For anyone who questions whether the Apple (NASDAQ:AAPL) iPhone was indeed a game-changing device, look no further than the number of competing -- and outright copycat -- devices hitting the market this year. For its part, Canadian BlackBerry maker Research In Motion (NASDAQ:RIMM) has launched not just one, but a salvo of new products meant to stack up against the Cupertino wonder.

RIM just recently announced a flip version of the BlackBerry, and details are now trickling out that Verizon Wireless -- a joint venture between Verizon Communications (NYSE:VZ) and Vodafone -- will offer a new RIM device dubbed the BlackBerry Storm. The email smartphone will depart from the traditional BlackBerry button keypad -- it will have a full touchscreen face, just like the iPhone, as well as a plethora of other media features.

In an attempt to one-up the iPhone, the Storm's touchscreen is expected to have haptic feedback -- a slight vibration that occurs when a button is pressed in order to give the fingers a better feel for the flat-screen keys. The lack of tactile feedback is one reason many people argue that the iPhone won't break the enterprise, as typing out emails is more cumbersome for some.

If the pairing of Verizon and RIM is an exclusive launch, it will answer the AT&T/ Apple partnership, Sprint Nextel's (NYSE:S) command of the Samsung Instinct, and T-Mobile USA's clutch on the new Pearl Flip and the rumored debut of Google's (NASDAQ:GOOG) Android dream later this year.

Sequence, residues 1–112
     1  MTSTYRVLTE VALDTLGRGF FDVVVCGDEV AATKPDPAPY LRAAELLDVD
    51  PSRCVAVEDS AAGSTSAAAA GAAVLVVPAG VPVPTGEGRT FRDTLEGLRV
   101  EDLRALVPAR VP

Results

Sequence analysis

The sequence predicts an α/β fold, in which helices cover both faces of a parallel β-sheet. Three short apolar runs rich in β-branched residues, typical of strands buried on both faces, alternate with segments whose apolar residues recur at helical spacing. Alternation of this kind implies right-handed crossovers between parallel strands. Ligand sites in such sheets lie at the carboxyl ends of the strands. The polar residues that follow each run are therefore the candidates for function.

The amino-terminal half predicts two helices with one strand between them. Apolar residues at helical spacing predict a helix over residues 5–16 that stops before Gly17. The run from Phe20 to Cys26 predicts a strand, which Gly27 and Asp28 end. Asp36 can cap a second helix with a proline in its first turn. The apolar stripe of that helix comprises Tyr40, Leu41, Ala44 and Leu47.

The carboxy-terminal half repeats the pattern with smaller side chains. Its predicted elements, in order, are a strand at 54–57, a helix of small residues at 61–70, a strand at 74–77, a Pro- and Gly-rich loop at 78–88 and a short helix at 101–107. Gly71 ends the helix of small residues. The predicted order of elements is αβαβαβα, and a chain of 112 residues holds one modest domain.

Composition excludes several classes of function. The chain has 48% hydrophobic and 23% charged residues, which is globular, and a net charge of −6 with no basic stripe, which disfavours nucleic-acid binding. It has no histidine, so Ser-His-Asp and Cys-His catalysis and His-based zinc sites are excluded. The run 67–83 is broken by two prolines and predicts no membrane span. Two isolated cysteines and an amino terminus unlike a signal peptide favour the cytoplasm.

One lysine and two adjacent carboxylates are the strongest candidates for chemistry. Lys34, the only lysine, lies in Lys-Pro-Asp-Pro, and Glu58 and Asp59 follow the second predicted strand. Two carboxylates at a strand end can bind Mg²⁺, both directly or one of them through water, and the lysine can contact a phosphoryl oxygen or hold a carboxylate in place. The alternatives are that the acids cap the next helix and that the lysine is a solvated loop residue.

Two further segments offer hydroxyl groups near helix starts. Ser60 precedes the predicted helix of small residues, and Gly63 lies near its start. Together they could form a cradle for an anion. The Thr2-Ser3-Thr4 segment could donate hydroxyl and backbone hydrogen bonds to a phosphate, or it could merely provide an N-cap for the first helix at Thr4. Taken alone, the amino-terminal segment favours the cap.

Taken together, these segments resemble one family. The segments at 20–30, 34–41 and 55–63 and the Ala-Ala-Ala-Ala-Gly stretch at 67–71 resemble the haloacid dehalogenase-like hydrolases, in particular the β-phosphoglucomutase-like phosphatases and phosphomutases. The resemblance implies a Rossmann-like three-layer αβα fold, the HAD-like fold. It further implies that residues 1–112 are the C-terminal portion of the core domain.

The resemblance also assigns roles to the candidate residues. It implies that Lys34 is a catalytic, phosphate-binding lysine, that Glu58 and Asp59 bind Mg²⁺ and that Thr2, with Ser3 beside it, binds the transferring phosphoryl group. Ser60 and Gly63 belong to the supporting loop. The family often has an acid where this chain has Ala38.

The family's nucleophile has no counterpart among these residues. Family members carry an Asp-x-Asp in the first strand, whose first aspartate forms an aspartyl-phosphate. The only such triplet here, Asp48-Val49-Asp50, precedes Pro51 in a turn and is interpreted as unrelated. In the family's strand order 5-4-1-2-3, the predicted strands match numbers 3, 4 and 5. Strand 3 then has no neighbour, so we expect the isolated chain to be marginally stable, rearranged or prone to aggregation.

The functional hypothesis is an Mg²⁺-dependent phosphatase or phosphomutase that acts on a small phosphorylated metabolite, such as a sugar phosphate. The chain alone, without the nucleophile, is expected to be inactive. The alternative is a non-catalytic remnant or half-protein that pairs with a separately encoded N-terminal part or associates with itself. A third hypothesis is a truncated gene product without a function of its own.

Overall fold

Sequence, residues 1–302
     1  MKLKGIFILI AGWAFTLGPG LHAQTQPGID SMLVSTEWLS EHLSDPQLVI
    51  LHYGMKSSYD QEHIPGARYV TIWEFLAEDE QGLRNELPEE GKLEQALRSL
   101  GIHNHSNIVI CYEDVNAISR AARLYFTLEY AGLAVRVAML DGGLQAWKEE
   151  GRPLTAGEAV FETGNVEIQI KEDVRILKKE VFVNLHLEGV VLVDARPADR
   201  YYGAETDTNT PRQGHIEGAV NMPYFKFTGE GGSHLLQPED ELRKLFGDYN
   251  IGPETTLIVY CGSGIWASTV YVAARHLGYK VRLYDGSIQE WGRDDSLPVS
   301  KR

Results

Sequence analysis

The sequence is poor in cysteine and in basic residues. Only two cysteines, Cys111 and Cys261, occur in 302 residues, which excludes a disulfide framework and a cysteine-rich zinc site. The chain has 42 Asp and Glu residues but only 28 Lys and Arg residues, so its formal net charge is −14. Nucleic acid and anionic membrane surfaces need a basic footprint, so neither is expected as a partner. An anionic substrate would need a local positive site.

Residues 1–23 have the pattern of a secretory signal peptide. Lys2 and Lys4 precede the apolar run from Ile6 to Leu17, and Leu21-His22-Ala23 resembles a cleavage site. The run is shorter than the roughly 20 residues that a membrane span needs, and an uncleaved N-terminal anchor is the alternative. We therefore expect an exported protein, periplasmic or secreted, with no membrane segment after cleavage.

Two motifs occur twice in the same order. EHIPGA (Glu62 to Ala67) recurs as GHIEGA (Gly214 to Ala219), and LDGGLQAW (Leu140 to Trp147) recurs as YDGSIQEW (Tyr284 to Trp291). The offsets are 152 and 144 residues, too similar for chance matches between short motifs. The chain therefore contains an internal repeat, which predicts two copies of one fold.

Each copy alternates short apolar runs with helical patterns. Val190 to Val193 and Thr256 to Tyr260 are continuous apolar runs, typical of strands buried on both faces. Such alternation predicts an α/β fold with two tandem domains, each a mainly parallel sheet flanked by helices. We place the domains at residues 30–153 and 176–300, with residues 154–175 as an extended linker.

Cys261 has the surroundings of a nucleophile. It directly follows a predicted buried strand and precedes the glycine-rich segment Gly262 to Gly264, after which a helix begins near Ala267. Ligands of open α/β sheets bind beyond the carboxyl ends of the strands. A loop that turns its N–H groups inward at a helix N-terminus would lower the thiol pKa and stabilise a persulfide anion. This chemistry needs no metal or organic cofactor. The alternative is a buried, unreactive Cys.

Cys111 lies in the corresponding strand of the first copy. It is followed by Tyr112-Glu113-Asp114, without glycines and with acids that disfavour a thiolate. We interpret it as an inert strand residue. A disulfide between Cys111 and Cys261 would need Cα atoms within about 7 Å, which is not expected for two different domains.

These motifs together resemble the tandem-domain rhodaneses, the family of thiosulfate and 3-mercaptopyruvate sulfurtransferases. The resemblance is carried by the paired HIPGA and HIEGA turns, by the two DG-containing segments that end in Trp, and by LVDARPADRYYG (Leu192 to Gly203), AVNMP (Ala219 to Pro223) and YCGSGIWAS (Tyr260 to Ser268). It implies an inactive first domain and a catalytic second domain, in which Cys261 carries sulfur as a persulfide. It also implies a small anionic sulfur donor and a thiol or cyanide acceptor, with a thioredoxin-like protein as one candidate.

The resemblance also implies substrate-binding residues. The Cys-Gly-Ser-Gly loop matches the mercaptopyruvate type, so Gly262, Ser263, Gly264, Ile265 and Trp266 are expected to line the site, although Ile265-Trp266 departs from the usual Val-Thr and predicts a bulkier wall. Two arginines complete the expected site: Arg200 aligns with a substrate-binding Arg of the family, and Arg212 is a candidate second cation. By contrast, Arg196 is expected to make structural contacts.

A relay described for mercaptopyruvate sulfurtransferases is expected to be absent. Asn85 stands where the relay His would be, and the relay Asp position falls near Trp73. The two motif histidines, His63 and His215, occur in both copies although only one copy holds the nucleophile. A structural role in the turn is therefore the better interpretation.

As I've noted before, Verizon isn't known for getting the jump on competitors by locking up exclusive launches of highly anticipated new hardware. But it appears all of the major operators now have their killer devices staged for the coming holiday, with lines drawn in the sand around their best shot at the smartphone space.

Nokia (NYSE:NOK) and Motorola (NYSE:MOT) are also diving headfirst into the new smartphone war started by Apple. But the battlefront in the U.S. may turn into only minor skirmishes should the economy continue to crumble. While many of the new wannabe iPhone-killers hit the important sub-$200 price point, consumers may be overwhelmed by a new reality that includes fewer toys this holiday.

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